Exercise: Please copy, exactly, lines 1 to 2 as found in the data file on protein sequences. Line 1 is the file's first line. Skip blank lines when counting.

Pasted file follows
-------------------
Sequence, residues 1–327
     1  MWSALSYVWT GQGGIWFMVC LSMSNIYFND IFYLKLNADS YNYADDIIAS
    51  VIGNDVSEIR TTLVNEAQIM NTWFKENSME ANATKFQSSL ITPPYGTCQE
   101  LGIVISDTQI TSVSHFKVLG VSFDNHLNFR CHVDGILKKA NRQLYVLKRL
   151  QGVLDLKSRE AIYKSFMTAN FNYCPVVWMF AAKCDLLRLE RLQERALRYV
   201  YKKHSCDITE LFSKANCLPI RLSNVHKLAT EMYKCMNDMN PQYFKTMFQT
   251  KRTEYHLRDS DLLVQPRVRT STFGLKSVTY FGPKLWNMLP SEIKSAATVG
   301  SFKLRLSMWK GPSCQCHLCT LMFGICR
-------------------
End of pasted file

Sequence, residues 1–327
     1  MWSALSYVWT GQGGIWFMVC LSMSNIYFND IFYLKLNADS YNYADDIIAS